CHICAGO – Market participants should be wary of threats to tax-exempt bonds, but the politically-charged atmosphere in Washington, D.C. raises doubts about the ability of Congress to pass comprehensive tax reform legislation, lobbyists and others said Friday.

Speaking at the Bond Dealers of America’s 2012 National Fixed Income Conference here, Ellen Marshall, principal at Washington-based government relations firm Marshall & Co., questioned whether Congress will be willing to consider the “solid policy arguments” needed to overhaul the nation’s tax laws.

“Everything is very politically-driven and motivated. It is going to make it very difficult for Congress to do a comprehensive overhaul of the tax code,” she said.

Congress may succeed in changing corporate tax rules, but will have trouble agreeing to changes that affect individuals’ taxes, Marshall said. That’s partly because, unlike during the tax reform debate in 1986, information today flows instantly to the public through the Internet and 24-hour cable news channels.

Debates among lawmakers that used to take place privately are now increasing made public. Marshall said details about tax discussions in the House Ways and Means Committee and Senate Finance Committee are bound to be leaked to the media.

“It’s hard to talk amongst each other and really reach an agreement,” she said.

Information and misinformation will quickly reach constituents, she suggested.

“The prospect of getting hundreds of thousands of emails and phone calls and postcards from your constituents … is not something that a lot of members of Congress want to face,” Marshall said.

President Obama and presidential candidate Mitt Romney have both floated tax and budget proposals that concern muni market participants.

While Obama has advocated re-establishing the Build America Bond program with lower subsidy rates, he has also proposed a 28% cap on the value of tax-exempt interest for wealthier taxpayers.

Romney has said he plans to close tax loopholes and eliminate certain tax preferences, but has not provided details. However, his critics think he cannot lower tax rates across the board by 20% and lower the federal deficit without making drastic cuts in tax expenditures.

Other threats include deficit reduction commission proposals to eliminate tax exemption for all or certain new muni bonds, and pending legislation that would make all new muni bonds taxable, tax-credit bonds.

Another speaker at the conference on Friday, John Miller, managing director and co-head of fixed income at Nuveen Asset Management LLC., said “radical tax reform will be extremely difficult” regardless of who wins the election.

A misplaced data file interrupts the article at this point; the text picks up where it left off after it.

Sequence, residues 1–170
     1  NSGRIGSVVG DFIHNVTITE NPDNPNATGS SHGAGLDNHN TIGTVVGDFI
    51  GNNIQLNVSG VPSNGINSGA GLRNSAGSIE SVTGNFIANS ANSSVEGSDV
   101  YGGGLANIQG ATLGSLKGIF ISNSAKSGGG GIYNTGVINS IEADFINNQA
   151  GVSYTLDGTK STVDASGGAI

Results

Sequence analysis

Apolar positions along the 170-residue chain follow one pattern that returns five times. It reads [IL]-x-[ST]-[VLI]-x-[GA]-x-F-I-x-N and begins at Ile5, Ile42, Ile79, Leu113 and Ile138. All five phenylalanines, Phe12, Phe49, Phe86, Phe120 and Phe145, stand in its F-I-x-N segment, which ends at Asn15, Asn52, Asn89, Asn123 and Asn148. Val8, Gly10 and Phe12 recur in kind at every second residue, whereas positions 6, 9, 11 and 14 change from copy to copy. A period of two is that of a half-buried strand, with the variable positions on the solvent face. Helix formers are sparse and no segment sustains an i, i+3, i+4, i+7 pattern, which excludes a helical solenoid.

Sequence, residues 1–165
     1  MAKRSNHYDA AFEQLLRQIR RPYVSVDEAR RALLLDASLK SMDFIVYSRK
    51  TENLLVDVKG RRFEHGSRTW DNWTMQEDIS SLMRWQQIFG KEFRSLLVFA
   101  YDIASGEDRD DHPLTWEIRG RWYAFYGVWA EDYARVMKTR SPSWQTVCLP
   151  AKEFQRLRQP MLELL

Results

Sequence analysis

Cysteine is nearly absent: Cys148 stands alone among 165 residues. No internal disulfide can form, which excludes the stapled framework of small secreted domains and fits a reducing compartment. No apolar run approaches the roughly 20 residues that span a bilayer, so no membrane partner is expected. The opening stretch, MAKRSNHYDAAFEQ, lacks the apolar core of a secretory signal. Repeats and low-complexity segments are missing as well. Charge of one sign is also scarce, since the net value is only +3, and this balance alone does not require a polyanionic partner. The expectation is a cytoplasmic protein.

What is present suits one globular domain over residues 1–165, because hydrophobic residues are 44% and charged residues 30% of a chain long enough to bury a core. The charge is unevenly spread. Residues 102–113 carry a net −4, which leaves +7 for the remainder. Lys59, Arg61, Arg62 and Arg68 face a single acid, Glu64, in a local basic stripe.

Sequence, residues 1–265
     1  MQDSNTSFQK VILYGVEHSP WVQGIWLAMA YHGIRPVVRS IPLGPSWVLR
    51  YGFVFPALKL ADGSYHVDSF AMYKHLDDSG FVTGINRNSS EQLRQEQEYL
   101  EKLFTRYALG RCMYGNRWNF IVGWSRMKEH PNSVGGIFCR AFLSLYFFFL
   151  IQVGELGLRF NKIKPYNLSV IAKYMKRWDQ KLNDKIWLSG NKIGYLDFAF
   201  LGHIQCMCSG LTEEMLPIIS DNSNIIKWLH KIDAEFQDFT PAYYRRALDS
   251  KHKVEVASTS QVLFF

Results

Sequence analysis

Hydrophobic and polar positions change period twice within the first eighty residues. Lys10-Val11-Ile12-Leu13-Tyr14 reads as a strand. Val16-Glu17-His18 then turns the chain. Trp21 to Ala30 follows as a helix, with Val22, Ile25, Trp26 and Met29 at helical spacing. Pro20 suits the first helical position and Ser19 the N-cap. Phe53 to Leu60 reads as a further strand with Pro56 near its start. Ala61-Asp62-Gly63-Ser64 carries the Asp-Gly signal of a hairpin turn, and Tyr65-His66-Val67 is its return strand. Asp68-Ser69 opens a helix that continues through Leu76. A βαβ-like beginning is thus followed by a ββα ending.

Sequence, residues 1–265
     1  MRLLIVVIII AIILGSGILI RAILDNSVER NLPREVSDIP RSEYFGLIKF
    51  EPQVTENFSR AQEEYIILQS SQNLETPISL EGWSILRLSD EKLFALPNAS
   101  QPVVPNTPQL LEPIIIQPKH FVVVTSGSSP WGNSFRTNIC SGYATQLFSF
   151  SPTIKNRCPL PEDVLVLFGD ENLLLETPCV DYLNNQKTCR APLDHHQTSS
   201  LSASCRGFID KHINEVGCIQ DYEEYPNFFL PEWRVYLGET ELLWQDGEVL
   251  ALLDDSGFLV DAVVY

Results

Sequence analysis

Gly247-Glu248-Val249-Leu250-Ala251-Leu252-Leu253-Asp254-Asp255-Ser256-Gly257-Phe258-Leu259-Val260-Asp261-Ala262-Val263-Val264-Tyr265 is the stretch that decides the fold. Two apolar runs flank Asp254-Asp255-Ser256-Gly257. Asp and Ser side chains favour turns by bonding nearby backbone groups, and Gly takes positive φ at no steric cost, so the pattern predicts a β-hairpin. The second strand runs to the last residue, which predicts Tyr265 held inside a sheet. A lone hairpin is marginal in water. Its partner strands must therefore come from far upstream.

The federal government may be more divided after the election because moderate members of Congress may lose their seats to more partisan newcomers, Miller said.

He also doubts lawmakers will consider the muni-bond tax exemption to be a “loophole.”

“When [politicians] say, ‘We have to close some of these loopholes,’ they are talking about carried interest or accelerated depreciation,” Miller explained. Tax exemption for muni bonds, which help finance infrastructure, is a “whole different category and should not be called a loophole,” he said.

Still, speakers said the muni community must carefully monitor the tax debate.

“In the grand scheme of things, everyone should consider themselves at risk right now,” said Marshall. “Every tax credit and tax exemption will be under examination.

Regulations affecting the municipal market, including the Volcker Rule, also dominated the discussions Friday.

BDA senior vice president of government relations Susan Collet said the House Financial Services Committee plans to hold a hearing after the November elections to discuss the Volcker Rule, which would prohibits banks from proprietary trading and would restrict their investments in private equity and hedge funds.

Committee chairman Rep. Spencer Bachus, R-Ala., has requested input from the financial industry on how the Volcker Rule should be shaped, and how the rule’s so-called “market-maker” exception should be defined, Collet noted.

BDA and other market participants have advocated for municipal bonds to be exempt from the Volcker Rule.